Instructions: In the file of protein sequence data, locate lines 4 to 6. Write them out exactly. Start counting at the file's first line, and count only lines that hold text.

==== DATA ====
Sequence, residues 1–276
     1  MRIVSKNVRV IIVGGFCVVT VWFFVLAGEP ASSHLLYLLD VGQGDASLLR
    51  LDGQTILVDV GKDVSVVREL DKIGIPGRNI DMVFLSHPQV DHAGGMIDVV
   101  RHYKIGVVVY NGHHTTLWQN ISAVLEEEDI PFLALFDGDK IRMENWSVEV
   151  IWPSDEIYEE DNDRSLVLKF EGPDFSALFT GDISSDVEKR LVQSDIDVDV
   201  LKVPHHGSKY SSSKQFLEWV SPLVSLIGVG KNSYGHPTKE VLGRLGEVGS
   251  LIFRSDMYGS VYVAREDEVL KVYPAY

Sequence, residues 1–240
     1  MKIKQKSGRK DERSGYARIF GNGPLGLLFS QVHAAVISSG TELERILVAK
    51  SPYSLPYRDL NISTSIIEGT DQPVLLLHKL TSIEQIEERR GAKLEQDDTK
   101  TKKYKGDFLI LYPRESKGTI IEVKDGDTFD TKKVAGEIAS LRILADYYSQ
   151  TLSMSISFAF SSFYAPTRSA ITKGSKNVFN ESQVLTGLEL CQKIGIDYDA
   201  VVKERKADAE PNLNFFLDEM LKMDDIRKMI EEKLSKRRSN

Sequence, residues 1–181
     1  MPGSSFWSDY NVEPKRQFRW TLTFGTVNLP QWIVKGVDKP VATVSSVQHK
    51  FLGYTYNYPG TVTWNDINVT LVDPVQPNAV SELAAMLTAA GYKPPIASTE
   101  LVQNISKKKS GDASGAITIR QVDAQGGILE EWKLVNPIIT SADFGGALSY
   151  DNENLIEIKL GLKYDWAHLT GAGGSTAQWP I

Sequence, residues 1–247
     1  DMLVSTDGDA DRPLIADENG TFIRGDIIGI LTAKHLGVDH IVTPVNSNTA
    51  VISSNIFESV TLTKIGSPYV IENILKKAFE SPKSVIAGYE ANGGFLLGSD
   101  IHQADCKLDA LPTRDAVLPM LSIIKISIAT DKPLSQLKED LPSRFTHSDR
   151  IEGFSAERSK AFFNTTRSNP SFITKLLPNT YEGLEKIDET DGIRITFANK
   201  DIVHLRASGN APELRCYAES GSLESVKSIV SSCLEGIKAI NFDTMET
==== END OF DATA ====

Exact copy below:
   101  RHYKIGVVVY NGHHTTLWQN ISAVLEEEDI PFLALFDGDK IRMENWSVEV
   151  IWPSDEIYEE DNDRSLVLKF EGPDFSALFT GDISSDVEKR LVQSDIDVDV
   201  LKVPHHGSKY SSSKQFLEWV SPLVSLIGVG KNSYGHPTKE VLGRLGEVGS